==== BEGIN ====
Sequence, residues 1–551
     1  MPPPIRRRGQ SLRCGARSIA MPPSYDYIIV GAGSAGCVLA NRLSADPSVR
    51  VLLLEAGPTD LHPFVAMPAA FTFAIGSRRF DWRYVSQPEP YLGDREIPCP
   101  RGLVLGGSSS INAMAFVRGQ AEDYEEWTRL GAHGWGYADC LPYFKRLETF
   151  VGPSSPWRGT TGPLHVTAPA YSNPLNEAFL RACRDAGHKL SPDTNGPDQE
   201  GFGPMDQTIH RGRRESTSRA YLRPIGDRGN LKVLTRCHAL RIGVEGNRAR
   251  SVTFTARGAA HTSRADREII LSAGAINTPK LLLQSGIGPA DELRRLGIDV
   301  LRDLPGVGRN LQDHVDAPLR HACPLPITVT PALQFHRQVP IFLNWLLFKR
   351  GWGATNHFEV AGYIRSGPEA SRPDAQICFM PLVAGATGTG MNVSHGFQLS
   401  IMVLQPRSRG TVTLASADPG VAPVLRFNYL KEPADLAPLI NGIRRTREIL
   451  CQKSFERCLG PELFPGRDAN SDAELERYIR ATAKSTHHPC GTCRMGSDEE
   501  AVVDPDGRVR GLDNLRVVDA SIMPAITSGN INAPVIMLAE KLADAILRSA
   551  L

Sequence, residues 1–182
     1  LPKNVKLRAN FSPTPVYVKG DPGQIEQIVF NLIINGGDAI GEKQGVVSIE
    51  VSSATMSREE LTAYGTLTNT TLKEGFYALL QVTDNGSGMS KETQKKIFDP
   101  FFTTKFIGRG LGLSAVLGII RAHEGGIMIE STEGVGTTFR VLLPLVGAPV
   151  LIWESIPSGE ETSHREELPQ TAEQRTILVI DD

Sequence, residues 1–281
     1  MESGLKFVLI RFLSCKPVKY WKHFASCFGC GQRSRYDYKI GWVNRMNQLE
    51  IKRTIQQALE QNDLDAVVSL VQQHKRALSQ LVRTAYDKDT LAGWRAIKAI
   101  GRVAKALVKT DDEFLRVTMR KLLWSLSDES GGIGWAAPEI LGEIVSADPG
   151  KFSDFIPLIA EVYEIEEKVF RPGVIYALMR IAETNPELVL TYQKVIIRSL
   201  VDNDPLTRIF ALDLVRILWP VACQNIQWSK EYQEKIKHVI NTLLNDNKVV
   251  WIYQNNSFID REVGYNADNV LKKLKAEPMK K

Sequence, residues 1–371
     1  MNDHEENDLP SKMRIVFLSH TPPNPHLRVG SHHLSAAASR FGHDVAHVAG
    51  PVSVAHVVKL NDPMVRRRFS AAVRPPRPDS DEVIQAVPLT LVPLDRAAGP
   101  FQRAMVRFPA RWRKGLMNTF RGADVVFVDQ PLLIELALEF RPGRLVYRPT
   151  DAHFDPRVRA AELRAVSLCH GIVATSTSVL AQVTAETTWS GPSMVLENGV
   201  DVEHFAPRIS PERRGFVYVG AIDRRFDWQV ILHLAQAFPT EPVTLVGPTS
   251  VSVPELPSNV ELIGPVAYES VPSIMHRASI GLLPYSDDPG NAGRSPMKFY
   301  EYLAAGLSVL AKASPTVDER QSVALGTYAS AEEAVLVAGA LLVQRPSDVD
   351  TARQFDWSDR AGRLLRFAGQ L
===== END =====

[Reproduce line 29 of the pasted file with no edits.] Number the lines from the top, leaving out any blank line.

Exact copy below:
   101  FQRAMVRFPA RWRKGLMNTF RGADVVFVDQ PLLIELALEF RPGRLVYRPT